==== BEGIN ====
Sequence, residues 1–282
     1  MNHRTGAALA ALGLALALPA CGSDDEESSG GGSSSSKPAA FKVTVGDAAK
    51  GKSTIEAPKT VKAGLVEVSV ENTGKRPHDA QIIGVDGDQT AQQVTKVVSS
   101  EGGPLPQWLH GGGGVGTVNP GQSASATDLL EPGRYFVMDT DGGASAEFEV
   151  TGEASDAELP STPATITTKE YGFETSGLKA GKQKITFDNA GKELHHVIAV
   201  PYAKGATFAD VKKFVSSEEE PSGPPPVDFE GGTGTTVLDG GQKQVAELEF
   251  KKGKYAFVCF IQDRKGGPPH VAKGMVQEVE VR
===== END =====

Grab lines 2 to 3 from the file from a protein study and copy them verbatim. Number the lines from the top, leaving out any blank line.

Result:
     1  MNHRTGAALA ALGLALALPA CGSDDEESSG GGSSSSKPAA FKVTVGDAAK
    51  GKSTIEAPKT VKAGLVEVSV ENTGKRPHDA QIIGVDGDQT AQQVTKVVSS